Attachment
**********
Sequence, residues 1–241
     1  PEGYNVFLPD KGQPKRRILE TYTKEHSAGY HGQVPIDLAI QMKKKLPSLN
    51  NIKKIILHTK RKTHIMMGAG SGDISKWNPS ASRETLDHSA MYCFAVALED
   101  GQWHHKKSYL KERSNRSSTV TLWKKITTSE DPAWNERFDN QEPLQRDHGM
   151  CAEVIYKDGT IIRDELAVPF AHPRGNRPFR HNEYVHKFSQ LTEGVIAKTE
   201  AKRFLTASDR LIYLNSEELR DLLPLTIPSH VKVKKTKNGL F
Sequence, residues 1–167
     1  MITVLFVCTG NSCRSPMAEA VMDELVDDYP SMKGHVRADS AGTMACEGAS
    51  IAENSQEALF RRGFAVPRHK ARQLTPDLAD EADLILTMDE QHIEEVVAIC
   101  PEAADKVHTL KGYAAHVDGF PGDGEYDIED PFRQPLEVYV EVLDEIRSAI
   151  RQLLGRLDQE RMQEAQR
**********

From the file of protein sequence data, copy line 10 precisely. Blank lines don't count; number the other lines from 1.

   101  PEAADKVHTL KGYAAHVDGF PGDGEYDIED PFRQPLEVYV EVLDEIRSAI